2020 NFL Team Previews: Green Bay Packers
2020 NFL Team Previews
By Professor MJ
Green Bay Packers
Matt LaFleur’s first season as Green Bay’s head coach has to be considered a success. He led the team to a 13-3 record, which secured the NFC North title.
The Packers held off the Seahawks to a 28-23 home win in the first round of the playoffs, but were ousted by the Niners in a brutal 37-20 thumping (a game in which the Packers dugged themselves into an early 27-0 hole).
2. Offensive Position-by-Position Breakdown
2.1 Quarterbacks (QBs)
Aaron Rodgers will be entering his 16th NFL season. He had another excellent year with a 26-to-4 TD-to-INT ratio and over 4,000 passing yards. He finished as the 7th-best QB in the league according to PFF ratings.
At 36 years old, he is likely to have a few good years left. After all, Drew Brees and Tom Brady posted nice statistics in their late thirties.
Rodgers has been very durable throughout his career, but he’s not invincible either. Tim Boyle was the backup plan last year, and the team needed to upgrade the position while starting to think about the post-Rodgers era.
Still, drafting Jordan Love was the most questionable and talked-about pick in this year’s draft. People expected the Packers to go with a veteran backup QB. Rodgers has mentioned several times he wants to play in his forties; he can still offer a good five years of solid play in the frozen tundra.
Love has possesses great size, throws with velocity and he’s very mobile. The main knock on him is the decision-making and inconsistency.
As a sophomore, he threw 32 TD passes versus 6 interceptions. He regressed a lot last year by posting a mediocre 20:17 TD:INT mark. Granted, his surrounding cast was very weak and he had to go through a coaching change.
Love can throw from many different arm angles; he reminds people of Patrick Mahomes in this regard. He can throw a fastball or a soft touch pass.
Quick note: he almost quit football when he was 14 years old after his dad committed suicide. However, he knew his dad would want him to keep playing, so he did just that.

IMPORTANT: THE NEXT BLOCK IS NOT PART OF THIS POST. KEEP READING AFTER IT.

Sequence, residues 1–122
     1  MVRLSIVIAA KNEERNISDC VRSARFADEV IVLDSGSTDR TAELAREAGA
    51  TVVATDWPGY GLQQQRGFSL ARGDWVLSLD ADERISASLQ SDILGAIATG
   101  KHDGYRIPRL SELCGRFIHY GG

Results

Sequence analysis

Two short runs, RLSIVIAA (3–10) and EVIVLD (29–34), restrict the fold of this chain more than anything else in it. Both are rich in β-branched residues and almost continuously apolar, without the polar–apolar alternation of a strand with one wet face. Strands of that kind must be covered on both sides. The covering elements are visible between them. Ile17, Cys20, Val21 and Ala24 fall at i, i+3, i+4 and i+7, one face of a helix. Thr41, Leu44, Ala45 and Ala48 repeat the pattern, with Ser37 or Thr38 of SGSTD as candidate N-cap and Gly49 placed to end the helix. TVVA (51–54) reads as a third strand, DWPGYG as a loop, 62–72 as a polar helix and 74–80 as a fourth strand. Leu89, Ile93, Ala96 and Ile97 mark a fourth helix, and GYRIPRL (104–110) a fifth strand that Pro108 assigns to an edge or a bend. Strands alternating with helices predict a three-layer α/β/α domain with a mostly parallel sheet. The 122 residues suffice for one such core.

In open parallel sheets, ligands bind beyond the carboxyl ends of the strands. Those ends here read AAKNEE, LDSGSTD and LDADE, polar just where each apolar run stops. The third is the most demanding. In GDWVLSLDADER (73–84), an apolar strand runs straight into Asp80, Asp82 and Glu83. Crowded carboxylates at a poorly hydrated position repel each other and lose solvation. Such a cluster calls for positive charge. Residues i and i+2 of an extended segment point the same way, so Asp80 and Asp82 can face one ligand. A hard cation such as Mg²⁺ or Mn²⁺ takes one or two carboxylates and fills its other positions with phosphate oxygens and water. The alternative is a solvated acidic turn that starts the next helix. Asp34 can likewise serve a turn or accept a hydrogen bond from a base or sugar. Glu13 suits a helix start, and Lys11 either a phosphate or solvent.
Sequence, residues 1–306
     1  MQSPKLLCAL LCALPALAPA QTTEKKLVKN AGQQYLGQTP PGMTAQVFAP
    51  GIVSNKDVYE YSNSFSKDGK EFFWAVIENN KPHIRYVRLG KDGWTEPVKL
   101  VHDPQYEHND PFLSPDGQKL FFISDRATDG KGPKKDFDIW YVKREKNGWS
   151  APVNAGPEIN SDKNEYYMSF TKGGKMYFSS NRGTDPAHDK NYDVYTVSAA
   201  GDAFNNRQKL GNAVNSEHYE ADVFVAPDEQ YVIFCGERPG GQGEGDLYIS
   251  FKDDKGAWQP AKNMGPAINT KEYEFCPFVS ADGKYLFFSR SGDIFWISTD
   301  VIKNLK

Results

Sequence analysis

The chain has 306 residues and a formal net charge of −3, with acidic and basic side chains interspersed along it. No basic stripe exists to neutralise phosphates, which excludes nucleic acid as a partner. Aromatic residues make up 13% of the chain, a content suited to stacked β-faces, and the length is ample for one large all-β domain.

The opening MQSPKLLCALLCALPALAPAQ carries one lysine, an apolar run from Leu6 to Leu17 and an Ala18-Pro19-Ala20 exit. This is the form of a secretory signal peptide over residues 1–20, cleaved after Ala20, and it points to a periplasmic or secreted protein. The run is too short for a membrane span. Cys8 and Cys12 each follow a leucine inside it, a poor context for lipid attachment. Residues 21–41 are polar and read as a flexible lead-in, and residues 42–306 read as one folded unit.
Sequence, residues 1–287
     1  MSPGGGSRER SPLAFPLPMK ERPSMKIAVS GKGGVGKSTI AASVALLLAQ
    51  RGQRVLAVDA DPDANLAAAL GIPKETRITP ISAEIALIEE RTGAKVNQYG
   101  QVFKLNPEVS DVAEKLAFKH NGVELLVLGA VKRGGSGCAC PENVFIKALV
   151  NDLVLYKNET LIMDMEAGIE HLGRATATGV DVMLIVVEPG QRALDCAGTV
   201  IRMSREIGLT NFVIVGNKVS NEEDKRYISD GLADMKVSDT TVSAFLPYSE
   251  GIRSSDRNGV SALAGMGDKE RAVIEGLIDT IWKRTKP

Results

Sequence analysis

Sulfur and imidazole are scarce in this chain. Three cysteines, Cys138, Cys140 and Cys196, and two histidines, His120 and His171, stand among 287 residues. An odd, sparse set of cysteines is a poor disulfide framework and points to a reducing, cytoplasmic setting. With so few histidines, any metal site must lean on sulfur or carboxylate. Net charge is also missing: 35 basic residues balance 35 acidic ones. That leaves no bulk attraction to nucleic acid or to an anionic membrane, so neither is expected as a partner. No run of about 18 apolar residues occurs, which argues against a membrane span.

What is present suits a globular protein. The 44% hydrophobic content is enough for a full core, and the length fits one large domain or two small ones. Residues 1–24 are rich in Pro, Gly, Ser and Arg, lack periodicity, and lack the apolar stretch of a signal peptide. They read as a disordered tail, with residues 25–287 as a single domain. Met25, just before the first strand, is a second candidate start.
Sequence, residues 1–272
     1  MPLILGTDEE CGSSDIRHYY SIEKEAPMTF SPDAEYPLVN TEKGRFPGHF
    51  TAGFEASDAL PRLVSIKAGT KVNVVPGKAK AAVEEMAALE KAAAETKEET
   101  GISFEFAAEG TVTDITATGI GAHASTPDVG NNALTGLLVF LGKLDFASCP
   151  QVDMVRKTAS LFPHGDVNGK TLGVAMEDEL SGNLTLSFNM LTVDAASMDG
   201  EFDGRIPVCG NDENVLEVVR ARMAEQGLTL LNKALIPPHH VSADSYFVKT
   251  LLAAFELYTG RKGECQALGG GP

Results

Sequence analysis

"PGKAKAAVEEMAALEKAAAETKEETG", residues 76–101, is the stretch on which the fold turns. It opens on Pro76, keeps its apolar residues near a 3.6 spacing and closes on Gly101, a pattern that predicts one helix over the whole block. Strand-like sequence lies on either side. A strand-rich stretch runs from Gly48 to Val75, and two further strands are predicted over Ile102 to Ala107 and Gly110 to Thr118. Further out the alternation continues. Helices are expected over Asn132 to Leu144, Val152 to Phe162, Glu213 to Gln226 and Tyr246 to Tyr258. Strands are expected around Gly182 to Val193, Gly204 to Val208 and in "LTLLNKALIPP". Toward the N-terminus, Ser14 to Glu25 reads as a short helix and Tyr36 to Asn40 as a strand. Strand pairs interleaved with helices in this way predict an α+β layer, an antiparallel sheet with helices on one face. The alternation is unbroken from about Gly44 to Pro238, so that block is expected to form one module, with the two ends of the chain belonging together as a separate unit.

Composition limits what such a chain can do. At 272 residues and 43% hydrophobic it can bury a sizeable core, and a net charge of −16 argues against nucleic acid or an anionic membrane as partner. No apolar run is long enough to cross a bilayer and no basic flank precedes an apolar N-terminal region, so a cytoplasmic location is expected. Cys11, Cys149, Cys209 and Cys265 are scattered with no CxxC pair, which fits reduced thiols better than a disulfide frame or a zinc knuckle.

2.2 Running Backs (RBs)
Aaron Jones is a top running back in this league. Along with Jamaal Williams, they form a lethal duo.
Including the playoffs, Jones ended up scoring 23 touchdowns in 18 games. His 19 regular season scores were the second most in Packers history. His numbers have increased in each of his first three years as a pro. He is also excellent as a pass catcher.
Despite playing in the shadow of Aaron Jones, Jamaal Williams still finished as the 17th-best RB based on PFF rankings. He does not seem like a lead back, but he’s a perfect change-of-pace guy. Much like Jones, he can do some damage as a receiver as well.
Williams has been a steady performer thus far in his career. He has rushed for 450-550 yards in each of his three seasons, while catching a minimum of 25 balls. He has 15 total TDs over this three-year span.
If you thought GM Brian Gutekunst made a strange move by drafting QB Jordan Love in the first round, he doubled down with another head scratcher in the 2nd round when he took A.J. Dillon.
Message to Mr. Gutekunst: Aaron Rodgers needed pass catchers, not a third running back! I really don’t get this pick either. I’m not saying Dillon won’t be good in the NFL; only time will tell. However, it clearly wasn’t a position of need for the Packers.
Dillon is a power back who rarely breaks off huge runs. He racked up big numbers in three seasons in Boston College. He’s unlikely to become a three-down starter, especially since he’s not a good pass catcher. He will likely be used sporadically as a rookie.